Musically nearly everything is laudable, beginning at the top of the cast with lovely contributions from the feisty but also angelic Pamina of Marlis Petersen, the clarion yet suave Tamino of Daniel Behle, and the rowdy and not entirely coarse Papageno of Daniel Schmutzhard. Anna-Kristiina Kaappola is a fine Queen of the Night if not an outstanding one, only because of a few minor issues in the top notes. Having to sing an 'eh' vowel on the famous melismas in Der Hölle Rache kocht in meinem Herzen, to be faithful to the text (the word, after all, is "nimmermehr"), instead of the easier modified 'ah' vowel all coloratura sopranos use now, surely does not help. (She does make one very nice alteration to the end of the big aria in Act II.) Marcos Fink has perhaps a smaller voice than what one generally hears for Sarastro these days, but some of those Sarastros do seem to glory a little too much in the breadth of their voices. Not having Sarastro's O Isis und Osiris taken at the usual glacial tempo helps the piece intensely, often getting bogged down into a snooze-fest as it so often does. The superlative Akademie für Alte Musik Berlin produces a consistently incisive, stylistically aware, and impeccably balanced performance of the score.


Berenice, Regina d'Egitto

available at Amazon
Handel, Berenice, Regina d'Egitto,
K. Ek, I. Bohlin, R. Basso,
Il Complesso Barocco, A. Curtis

(released on July 13, 2010)
Virgin 6285362 0 | 166'35"

Online score:
Handel, Berenice, Regina d'Egitto

available at Amazon
W. Dean, Handel's Operas, 1726-1741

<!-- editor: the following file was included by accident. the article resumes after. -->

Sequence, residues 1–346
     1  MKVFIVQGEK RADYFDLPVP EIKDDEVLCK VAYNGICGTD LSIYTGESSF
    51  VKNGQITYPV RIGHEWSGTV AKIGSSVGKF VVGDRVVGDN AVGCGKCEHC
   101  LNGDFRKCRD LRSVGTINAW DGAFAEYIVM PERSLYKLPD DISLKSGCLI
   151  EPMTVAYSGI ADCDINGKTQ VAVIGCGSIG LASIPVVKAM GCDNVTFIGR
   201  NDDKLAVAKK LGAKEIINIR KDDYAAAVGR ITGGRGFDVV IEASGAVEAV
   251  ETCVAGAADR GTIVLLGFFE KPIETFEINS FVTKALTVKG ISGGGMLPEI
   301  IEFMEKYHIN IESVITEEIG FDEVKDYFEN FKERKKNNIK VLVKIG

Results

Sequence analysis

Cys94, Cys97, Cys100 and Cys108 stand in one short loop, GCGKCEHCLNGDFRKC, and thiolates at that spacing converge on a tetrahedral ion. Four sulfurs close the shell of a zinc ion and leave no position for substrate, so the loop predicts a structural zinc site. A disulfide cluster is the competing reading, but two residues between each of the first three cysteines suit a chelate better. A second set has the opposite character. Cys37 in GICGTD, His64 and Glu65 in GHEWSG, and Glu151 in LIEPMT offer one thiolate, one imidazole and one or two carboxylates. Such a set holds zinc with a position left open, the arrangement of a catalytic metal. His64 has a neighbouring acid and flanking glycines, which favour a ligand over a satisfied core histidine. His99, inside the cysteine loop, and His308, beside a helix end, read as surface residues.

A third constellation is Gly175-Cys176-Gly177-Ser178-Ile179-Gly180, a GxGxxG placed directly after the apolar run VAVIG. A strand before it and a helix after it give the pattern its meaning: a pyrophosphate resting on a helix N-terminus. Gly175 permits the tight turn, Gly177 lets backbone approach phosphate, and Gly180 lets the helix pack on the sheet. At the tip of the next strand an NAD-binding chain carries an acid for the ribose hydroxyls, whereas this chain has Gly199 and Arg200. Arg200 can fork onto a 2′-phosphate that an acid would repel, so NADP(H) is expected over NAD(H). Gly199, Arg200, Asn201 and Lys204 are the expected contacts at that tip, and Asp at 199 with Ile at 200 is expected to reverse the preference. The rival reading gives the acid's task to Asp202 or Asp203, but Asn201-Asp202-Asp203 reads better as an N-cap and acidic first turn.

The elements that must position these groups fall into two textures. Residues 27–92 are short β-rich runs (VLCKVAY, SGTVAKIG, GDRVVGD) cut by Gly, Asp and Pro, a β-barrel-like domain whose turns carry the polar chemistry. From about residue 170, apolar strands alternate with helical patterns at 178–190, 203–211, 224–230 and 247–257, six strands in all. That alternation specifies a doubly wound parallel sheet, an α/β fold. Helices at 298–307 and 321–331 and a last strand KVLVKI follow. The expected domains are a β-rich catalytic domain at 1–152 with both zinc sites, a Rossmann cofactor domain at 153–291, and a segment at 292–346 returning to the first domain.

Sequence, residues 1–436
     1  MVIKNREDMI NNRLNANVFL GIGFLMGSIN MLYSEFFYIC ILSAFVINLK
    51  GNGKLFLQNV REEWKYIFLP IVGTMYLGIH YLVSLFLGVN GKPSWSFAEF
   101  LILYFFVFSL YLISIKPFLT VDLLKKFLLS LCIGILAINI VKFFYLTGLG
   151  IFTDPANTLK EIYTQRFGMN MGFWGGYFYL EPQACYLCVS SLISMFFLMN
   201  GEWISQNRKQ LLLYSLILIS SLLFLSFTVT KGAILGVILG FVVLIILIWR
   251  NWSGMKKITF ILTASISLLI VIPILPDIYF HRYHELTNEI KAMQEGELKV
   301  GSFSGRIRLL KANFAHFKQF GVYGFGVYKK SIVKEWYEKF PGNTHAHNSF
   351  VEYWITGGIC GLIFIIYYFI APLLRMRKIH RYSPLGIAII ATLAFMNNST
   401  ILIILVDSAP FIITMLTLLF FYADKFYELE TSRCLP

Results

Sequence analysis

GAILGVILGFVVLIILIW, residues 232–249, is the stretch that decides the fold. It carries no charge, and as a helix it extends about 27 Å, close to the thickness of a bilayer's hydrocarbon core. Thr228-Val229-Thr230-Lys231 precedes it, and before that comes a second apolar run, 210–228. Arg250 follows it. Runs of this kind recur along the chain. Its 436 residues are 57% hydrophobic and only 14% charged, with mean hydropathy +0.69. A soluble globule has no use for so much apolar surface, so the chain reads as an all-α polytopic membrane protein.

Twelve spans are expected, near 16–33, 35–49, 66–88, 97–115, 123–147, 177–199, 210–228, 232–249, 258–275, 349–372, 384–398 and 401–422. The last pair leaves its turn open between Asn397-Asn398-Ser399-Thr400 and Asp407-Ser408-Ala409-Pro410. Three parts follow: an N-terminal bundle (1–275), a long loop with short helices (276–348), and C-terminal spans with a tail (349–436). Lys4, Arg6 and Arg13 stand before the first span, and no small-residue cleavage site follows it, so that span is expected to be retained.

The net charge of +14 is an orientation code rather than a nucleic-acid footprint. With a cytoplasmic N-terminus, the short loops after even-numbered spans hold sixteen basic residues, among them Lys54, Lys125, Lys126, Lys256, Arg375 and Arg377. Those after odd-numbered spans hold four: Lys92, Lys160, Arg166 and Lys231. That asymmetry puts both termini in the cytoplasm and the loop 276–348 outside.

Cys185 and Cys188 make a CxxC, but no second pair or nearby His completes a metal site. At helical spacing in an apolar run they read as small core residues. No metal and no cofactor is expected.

We always look forward to the roughly annual new release in the ongoing series of Handel operas from musicologist and conductor Alan Curtis and his ensemble Il Complesso Barocco. These recordings almost always recommend themselves instantly, a combination of musical beauty and musicological authority, either the first recording of the work or taking first place from older ones. That is certainly the case with this new recording of Berenice, Regina d’Egitto, not only better than the only other available recording but also less expensive. The premiere of this work, in 1737, coincided with the final decline of the Covent Garden company that produced Handel's operas and a stroke that left Handel without the use of one arm. Composed over a period of six weeks, the opera is an adaptation, possibly by Handel himself ("a botched piece of work, one improbable situation succeeding another," in the opinion of Handel scholar Winton Dean), of a libretto by Antonio Salvi, which Handel may have come across in Florence in 1709. In making his new edition of the score, Curtis reinstated some of the music that Handel cut before the premiere and corrected some of the omissions in the Chrysander complete works edition. What is heard here is definitive and it is hard to imagine a more beautiful recording ever being able to supplant it.